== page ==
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14 Hot And Sweet Scotch Bonnet Peppers Substitutes

The good news is that there are plenty of  Scotch Bonnet peppers substitutes with similar flavors and heat levels that you can use in recipes and dishes. What’s more, some of these alternatives are surprisingly low-cost. 

If you’re struggling to find an alternative ingredient for your dish but have access to everything else, it might be worth making the dish with different flavors instead.

If you don’t have access to Scotch bonnet peppers, several different alternatives can be used in their place. The list below has 15 different substitutes and how they are similar to or differ from the Scotch bonnet pepper.

Nutrition Table

Nutrition Value TableCalories (Per 100g)
Habanero Chili Pepper40
Cayenne Pepper318
Chipotle Pepper55
Cayenne Hot Sauce318
Habanero Hot Sauce60
Crushed Red Pepper26
Green Bell Pepper20
Tex-Mex Sauce Or Salsa67
Fajita Seasoning326
Jalapeno Pepper28
Creole Seasoning112
Chili Powder282
Indian Curry Powder325
Jamaican Jerk Seasoning60

1. Habanero Chili Pepper

The habanero chili pepper is a close substitution for the Scotch bonnet pepper due to its fiery flavor. It is, however, more closely related in color to a tomato than the fleshy, deeper red of the Scotch bonnet pepper.

How To Substitute

Use the same number of habanero peppers as you would with a Scotch bonnet.

2. Cayenne Pepper

scotch bonnet pepper substitutes

If a recipe calls for the use of Scotch bonnet seasoning, but you are out of Scotch bonnets, you can substitute in cayenne peppers instead and achieve a similar flavor.

The taste is a little bit hotter and slightly sweeter compared to that of the Scotch bonnet pepper.

How To Substitute

Use ½ teaspoon (2.5 ml) cayenne pepper in place of 1/8 teaspoon (or 0.3 ml) Scotch bonnet seasoning in a tablespoon of oil.

3. Chipotle Pepper

scotch bonnet pepper substitutes

Chipotle peppers are smoked jalapeno peppers that are pretty hot but not as hot as the Habanero chili pepper. 

They share some similarities with the Scotch bonnet pepper, however, in that they are both closely related to the Jalapeno chili pepper and share several similar ingredients: vinegar, seed, stem, and membrane.

Chipotle is also very similar in its ingredient list to that of the Scotch bonnet pepper.

How To Substitute

Treat each chipotle chili like a chipotle chili; use 1 teaspoon (5 ml) powder in place of 1/8 teaspoon (0.3 ml) Scotch bonnet seasoning in a tablespoon of oil.

4. Cayenne Hot Sauce

scotch bonnet pepper substitutes

Cayenne hot sauce is usually found in the same aisle as ketchup and mustard at the grocery store.

It is primarily made from ground and dried red jalapeno peppers that are blended with vinegar and spices, such as garlic and salt. 

A hot sauce like this is similar to a Scotch bonnet pepper substitute, except it is milder in flavor.

How To Substitute

Use 1 teaspoon (5 ml) of cayenne pepper in place of 1/8 teaspoon (0.3 ml) Scotch bonnet seasoning in a tablespoon of oil.

5. Habanero Hot Sauce

scotch bonnet pepper substitutes

Habanero hot sauce is one the most versatile peppers you can find. The sauce has been prepared using unique ingredients that give it its fiery flavor.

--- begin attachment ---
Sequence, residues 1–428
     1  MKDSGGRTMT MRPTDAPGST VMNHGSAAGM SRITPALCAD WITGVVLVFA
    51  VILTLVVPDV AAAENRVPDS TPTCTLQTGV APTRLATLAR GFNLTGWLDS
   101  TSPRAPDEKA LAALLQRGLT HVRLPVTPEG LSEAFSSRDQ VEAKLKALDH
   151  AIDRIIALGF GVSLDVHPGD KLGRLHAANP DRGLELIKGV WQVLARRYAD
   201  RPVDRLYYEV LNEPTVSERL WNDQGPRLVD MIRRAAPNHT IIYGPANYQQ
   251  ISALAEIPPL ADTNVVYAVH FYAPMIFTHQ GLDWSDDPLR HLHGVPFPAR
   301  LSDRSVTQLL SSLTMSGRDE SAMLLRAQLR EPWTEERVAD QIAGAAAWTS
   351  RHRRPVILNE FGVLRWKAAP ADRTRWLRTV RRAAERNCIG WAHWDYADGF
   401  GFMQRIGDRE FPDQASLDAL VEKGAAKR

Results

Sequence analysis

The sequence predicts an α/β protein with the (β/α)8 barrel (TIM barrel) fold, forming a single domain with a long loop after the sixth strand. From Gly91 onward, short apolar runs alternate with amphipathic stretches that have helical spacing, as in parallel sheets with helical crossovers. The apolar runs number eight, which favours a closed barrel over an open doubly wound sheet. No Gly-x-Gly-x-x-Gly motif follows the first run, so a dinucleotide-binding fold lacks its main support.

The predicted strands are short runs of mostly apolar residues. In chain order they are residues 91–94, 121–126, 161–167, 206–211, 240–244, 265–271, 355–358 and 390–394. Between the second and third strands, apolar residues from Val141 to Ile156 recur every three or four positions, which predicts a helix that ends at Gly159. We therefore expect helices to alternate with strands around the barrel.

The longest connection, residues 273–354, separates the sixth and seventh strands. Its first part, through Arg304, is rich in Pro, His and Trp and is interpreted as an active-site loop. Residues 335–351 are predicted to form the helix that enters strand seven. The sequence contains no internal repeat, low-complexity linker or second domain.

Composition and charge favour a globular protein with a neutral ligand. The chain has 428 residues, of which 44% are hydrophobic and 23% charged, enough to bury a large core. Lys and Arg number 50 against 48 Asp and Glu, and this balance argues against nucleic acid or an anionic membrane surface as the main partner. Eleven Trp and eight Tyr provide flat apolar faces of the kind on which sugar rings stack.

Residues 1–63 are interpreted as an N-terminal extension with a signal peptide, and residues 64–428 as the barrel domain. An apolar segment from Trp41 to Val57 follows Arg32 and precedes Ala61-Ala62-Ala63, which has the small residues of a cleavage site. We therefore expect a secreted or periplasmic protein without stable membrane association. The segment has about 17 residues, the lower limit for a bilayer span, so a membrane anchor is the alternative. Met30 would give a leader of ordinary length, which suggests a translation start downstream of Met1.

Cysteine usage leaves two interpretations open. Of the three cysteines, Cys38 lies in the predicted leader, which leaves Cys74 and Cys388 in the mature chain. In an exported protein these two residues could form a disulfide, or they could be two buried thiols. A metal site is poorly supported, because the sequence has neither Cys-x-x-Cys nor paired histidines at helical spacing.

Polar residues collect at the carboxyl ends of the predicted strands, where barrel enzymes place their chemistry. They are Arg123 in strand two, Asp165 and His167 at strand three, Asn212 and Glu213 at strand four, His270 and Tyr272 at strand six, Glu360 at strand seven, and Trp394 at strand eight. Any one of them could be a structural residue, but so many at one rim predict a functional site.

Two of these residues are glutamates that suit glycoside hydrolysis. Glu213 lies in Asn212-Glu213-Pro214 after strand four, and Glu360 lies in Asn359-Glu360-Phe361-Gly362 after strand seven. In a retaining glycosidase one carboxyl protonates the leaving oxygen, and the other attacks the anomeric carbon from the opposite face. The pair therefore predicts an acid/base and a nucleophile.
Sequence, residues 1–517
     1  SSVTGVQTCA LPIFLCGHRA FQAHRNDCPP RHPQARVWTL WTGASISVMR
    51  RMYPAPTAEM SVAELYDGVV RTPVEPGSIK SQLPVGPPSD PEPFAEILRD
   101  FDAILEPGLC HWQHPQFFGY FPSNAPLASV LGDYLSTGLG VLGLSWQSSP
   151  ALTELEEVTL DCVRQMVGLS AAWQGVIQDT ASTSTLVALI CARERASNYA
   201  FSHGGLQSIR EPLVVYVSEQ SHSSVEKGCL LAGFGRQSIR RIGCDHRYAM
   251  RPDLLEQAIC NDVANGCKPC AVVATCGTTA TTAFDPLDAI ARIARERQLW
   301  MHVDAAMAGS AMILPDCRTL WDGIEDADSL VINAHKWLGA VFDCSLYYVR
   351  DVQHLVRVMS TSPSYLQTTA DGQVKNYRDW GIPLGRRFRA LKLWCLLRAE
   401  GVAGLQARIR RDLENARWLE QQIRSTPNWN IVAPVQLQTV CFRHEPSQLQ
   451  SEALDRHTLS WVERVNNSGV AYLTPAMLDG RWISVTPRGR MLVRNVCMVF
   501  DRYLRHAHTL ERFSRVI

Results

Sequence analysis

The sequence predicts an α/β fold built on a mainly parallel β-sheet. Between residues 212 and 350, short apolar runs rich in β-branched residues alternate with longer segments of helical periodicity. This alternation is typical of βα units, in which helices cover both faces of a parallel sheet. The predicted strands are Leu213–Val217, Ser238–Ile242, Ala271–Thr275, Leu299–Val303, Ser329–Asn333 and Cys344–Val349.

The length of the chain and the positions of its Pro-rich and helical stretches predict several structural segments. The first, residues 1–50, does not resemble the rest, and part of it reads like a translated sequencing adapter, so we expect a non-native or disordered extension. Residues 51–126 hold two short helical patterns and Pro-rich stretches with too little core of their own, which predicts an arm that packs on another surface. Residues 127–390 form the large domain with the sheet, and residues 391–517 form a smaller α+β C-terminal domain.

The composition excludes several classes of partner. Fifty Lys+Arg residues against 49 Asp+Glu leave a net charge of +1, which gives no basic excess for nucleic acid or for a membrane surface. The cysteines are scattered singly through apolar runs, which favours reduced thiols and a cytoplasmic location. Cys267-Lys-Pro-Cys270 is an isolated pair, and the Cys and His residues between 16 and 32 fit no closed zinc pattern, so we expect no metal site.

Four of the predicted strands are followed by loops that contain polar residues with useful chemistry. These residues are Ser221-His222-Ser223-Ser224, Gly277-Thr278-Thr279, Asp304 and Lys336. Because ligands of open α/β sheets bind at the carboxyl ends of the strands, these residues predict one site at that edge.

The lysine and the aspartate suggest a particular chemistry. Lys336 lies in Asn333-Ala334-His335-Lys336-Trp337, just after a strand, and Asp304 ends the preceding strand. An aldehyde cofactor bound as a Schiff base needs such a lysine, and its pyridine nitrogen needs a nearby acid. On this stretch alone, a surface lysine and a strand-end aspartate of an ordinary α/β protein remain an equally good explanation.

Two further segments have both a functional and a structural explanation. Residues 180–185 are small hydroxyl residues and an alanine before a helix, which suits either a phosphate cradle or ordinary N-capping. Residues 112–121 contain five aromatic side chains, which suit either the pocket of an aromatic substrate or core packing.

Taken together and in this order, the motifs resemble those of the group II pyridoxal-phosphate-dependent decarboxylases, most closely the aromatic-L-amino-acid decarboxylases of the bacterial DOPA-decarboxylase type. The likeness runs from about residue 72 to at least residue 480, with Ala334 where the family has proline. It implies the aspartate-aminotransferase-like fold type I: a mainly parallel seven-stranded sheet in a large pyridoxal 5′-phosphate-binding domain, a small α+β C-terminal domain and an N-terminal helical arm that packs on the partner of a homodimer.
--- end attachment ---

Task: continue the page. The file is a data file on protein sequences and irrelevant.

Although the flavor is milder, this hot sauce has a lot of similarities with a Scotch bonnet pepper.

How To Make

Step 1: Gather all of your ingredients. This recipe requires a cup of white vinegar, a quarter cup of cumin, and two tablespoons of garlic powder.

Step 2: Combine the vinegar, cumin, and garlic powder in a bowl or pot.

Step 3: Add the habanero peppers to the mixture and allow them to steep for at least an hour.

Step 4: Put the hot sauce in small jars or bottles for storage after it cools off if you don’t plan to use it immediately.

Step 5: Enjoy.

How To Substitute

Use 1 teaspoon (5 ml) of cayenne pepper in place of 1/8 teaspoon (0.3 ml) Scotch bonnet seasoning in a tablespoon of oil.

6. Crushed Red Pepper

scotch bonnet pepper substitutes

Crushed red pepper can be found in all markets that sell spices. It is often sold in shaker bottles, similar to how cayenne peppers are packaged; later crushed into flakes and then crushed again.

A taste similar to the Scotch bonnet pepper is achieved but does not have the same heat factor as a scotch bonnet pepper.

How To Substitute

Use 1/3 teaspoon (1.5 ml) crushed red pepper flakes in place of 1/8 teaspoon (0.3 ml) Scotch bonnet seasoning in a tablespoon of oil.

7. Green Bell Pepper

Green bell peppers have a slightly similar taste to that of the scotch bonnet pepper, but they are not as hot. They also have a slightly sweeter taste.

These peppers can be used in place of scotch bonnets in recipes that call for the use of seasoning salt or sauce. 

They are considerably smaller than the scotch bonnet pepper, so you will need to adjust the amount called for accordingly.

How To Substitute

Use 1/3 cup (80 ml) green bell peppers in place of 2 tablespoons (30 ml) Scotch bonnet seasoning in 4 tablespoons oil.

8. Tex-Mex Sauce Or Salsa

A Tex-Mex sauce or salsa that combines vinegar, chilies, and spices can be used as a Scotch bonnet pepper substitute but with more heat than the mild sauces that are prepared with Scotch bonnet pepper.

The heat level is medium-high compared to scotch bonnet sauce and other types of hot sauces.

Well, it is quite easy to make at home with a few staples. Here’s how to do it.

  • First, place a large pot over medium-high heat and add your ingredients.
  • Start with onions and green bell peppers, then add a tablespoon of butter followed by tomato paste until the mixture becomes thick and bubbly.
  • Next comes the beer, followed by chili powder, garlic powder, cumin seeds, pepper, and salt until they blend well in the sauce before adding chipotle puree (also known as adobo).
  • Stir everything together thoroughly, lower the heat and let it simmer for about 20 minutes.

How To Substitute